Category Archives: Travel

Amsterdam: The Windy City

I guess I should have expected wind like this since the windmill is one of the most famous symbols of Holland. I’m glad I’m driving today, not riding a bike. Poor Dick is flying in this morning. I think he’s in for a bumpy ride.

When you think of Holland, what do you think of first? Windmills, wooden shoes, canals, or something less innocent?

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Posted by on September 12, 2011 in Travel


Amsterdam: Minicars or Maxicycles?

The cars on the sidewalk are much smaller than they appear. Smaller than SMART cars, they’re legally not even cars, they’re light engine-powered quadricycles. They’re classified as four-wheeled mopeds and because they’re regulated to speeds less than 40 kph (25 mph), they don’t require a drivers license.

Who drives these things? According to their manufacturers, 65% are people over 50, mostly men living in rural areas or remote suburbs and who for various reasons don’t want to drive standard cars anymore. Another 30% are workers between 25 and 50 and don’t have the time or resources to take the driving test. Apparently in some countries the wait can be between 1 to 3 years to take a driving test. So no more complaining about the inefficiencies at the California DMV for me.

But the perception among my French colleagues is that because these minicars don’t require a license, many of the drivers are people who got caught driving drunk. The industry doesn’t agree, saying that only 3% of the drivers have been fined for minor (albeit multiple) traffic violations, not DUI or excessive speed violations. But then again, without a license requirement would the police even care?

Do you think minicars aka quadricycles should require drivers licenses? If so, what about bicycles? Where do you draw the line?

(See I told you they were small)

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Posted by on September 12, 2011 in Issues & Infrastructure, Travel


Amsterdam: The Boating Party

You know those boring corporate events you hate to go to after a long day on the show floor? This was not one of them. It’s hard to beat a canal boat cruise on a warm night in a beautiful historic city.

Our alliance partner BlueArc sponsored the event, inviting about 40 customers, resellers and alliance partners, plus a half dozen people from Hitachi Data Systems, which acquired BlueArc last week. With beer, wine, hors d’oeuvres and lively conversations, the three hour tour passed quickly. Then we rushed across town to join our colleagues for a late dinner.

What was the venue of the best corporate event you’ve attended? The worst?

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Posted by on September 10, 2011 in Travel


Amsterdam: Neighborhood Bike Racks

Today I stepped out from the trade show for a walk in a nearby neighborhood. Being Amsterdam, there are bikes everywhere, on the cycle paths and locked to anything imaginable. In this little neighborhood, I found large bike racks on the sidewalk for the residents. The racks were overflowing. I guess when your bike weighs 40 pounds, dragging it upstairs to an apartment doesn’t make sense.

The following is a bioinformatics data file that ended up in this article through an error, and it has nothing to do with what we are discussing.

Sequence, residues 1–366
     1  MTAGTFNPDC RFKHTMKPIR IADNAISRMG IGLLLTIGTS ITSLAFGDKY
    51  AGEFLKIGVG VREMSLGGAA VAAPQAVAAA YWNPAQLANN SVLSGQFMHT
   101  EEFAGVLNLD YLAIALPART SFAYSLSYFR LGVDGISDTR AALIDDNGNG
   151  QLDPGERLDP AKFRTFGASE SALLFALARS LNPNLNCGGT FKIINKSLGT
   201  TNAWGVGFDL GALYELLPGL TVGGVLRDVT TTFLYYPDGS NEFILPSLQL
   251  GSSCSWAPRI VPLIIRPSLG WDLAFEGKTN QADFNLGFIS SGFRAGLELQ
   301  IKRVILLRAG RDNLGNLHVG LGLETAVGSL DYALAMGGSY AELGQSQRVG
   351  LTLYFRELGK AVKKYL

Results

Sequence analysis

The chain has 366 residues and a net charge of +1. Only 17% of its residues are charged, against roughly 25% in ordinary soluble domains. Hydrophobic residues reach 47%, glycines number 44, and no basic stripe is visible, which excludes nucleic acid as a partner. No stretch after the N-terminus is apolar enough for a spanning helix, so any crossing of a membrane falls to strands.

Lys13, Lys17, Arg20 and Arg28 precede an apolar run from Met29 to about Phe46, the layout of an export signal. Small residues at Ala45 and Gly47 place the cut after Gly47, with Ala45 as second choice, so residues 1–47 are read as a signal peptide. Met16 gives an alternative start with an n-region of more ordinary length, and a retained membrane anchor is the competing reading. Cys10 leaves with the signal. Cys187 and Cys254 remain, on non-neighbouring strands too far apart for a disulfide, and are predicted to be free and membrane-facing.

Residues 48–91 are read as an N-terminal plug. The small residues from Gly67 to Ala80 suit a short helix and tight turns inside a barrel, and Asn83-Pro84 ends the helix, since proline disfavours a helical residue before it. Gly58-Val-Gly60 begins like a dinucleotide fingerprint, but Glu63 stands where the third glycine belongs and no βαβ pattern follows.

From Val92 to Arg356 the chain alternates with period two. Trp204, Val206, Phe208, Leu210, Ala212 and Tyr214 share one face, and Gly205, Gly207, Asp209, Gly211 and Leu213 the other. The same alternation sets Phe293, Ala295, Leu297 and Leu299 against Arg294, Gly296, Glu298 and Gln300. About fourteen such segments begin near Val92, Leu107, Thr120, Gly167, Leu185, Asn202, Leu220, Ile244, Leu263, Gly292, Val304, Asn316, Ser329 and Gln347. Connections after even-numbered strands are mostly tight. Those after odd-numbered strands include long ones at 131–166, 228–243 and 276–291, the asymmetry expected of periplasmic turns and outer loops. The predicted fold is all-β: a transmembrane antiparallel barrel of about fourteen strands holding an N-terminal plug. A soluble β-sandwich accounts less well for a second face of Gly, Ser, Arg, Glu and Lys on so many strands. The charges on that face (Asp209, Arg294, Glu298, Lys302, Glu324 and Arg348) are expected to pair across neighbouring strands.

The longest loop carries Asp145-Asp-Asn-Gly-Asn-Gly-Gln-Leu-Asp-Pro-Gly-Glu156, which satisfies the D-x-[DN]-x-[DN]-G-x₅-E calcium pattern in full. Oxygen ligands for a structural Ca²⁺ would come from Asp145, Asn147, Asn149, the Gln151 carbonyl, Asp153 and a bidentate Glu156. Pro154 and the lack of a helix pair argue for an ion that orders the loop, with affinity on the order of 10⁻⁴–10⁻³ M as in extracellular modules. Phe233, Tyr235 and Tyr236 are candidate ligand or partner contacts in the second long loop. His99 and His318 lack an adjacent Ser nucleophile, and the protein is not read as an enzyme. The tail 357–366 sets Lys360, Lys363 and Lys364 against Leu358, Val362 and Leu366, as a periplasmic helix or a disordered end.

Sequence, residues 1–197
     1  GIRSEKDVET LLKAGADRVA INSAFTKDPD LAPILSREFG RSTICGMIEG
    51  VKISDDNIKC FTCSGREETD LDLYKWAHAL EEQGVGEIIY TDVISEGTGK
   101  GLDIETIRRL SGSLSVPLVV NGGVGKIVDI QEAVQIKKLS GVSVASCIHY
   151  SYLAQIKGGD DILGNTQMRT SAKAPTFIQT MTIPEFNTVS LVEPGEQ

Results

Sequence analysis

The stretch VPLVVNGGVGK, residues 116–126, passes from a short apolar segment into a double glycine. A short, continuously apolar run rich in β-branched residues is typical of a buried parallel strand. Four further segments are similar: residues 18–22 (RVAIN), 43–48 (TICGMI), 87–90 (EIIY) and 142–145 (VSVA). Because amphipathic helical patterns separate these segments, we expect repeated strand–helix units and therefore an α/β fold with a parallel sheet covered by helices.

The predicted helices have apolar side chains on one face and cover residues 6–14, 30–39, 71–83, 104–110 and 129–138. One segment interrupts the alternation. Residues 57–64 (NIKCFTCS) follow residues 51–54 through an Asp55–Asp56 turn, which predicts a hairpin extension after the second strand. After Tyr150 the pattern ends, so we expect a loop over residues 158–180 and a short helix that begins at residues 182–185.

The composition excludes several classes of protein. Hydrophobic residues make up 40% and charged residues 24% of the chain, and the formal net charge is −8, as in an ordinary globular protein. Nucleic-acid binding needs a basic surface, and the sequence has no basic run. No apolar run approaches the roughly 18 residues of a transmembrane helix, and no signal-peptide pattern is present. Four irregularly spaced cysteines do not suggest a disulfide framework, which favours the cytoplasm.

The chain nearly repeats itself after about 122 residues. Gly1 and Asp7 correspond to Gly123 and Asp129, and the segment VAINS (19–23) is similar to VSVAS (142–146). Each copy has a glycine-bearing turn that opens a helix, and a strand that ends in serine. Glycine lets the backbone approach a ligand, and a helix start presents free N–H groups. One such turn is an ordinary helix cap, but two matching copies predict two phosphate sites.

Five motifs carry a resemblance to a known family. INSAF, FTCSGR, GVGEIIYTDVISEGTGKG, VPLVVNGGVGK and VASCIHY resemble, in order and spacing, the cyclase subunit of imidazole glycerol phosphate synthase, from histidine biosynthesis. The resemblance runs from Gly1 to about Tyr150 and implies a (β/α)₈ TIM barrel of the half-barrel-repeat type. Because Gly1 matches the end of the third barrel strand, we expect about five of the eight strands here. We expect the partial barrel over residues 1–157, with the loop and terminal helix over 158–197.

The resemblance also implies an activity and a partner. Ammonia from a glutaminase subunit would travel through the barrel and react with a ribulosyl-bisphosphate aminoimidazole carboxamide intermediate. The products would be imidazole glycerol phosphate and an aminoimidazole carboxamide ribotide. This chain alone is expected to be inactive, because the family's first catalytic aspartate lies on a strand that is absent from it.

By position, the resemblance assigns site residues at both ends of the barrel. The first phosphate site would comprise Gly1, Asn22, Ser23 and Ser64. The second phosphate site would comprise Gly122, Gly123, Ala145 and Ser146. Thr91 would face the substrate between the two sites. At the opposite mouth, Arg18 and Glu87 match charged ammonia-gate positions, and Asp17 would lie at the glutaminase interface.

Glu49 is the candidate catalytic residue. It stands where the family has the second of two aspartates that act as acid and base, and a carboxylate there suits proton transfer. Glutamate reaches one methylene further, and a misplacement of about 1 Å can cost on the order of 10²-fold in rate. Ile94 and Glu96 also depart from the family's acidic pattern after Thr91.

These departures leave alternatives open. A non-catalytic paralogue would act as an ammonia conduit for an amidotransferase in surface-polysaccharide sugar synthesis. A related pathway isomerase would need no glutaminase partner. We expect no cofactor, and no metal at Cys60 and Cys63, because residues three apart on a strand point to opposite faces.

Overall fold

A few weeks ago I read an article about why San Francisco doesn’t install bike racks in residential areas. The short answer: they’re focusing on racks at commercial locations because they have more demand. But based on the article’s comments, there’s also a fear that the racks would be used by residents for long-term parking, not by visitors. Sounds reasonable at first—why fill up city-provided bike racks with resident parking? Shouldn’t residents or the building owners foot the bill for bike parking?

But take a step back and consider that long-term car parking in neighborhoods by residents is not only allowed, it’s demanded. That’s why converting street parking to bike lanes meets a lot of resistance. Some neighborhoods go so far as to restrict parking to residents only through permit programs, giving them priority over visitors. So why not give bike owners the same privilege as car owners?

What do you think? Should cities provide bike racks in neighborhoods, just like they provide street parking for cars?

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Posted by on September 10, 2011 in Issues & Infrastructure, Travel


Bike Date Friday: Florida Family Dinner

Visiting family in Florida didn’t mean we’d have to miss our bike date. We just took them along for the ride. The plan: dining alfresco Florida style, which translates to dining on a screened-in porch at a restaurant down the beach. This is a far cry from the Florida of my youth, where the better restaurants boldly announced “Air Conditioned Dining Room” on signs visible from the highway.

As we rolled out of my sister’s neighborhood, a pedicab driver tried to sell us on a ride. Given that pretty much everyone in their seaside resort town rides bikes, it was a tough sell.

Besides, my sister Patty would rather pedal than sit. Doesn’t she look great in her Donald Pliner gold lame mules? It was her first time riding in heels, but it was no problem.

The parking lot at Borago wasn’t set up for a party of seven on bikes, but we made do, chaining our bikes together with cable locks. Not that the typical oversized Grayton Beach pickup truck couldn’t have held all of them.

Everyone enjoyed their dinner. My chicken piccata and Dick’s eggplant were particularly tasty.  The Pinot Grigio wasn’t bad either, but it was hardly at the optimal 45-50 degree serving temperature.

Air conditioned dining room or screened-in porch?  In a car or on a bike?

Where would you rather be on a warm and humid summer night?


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Posted by on June 10, 2011 in Bike Date, Travel

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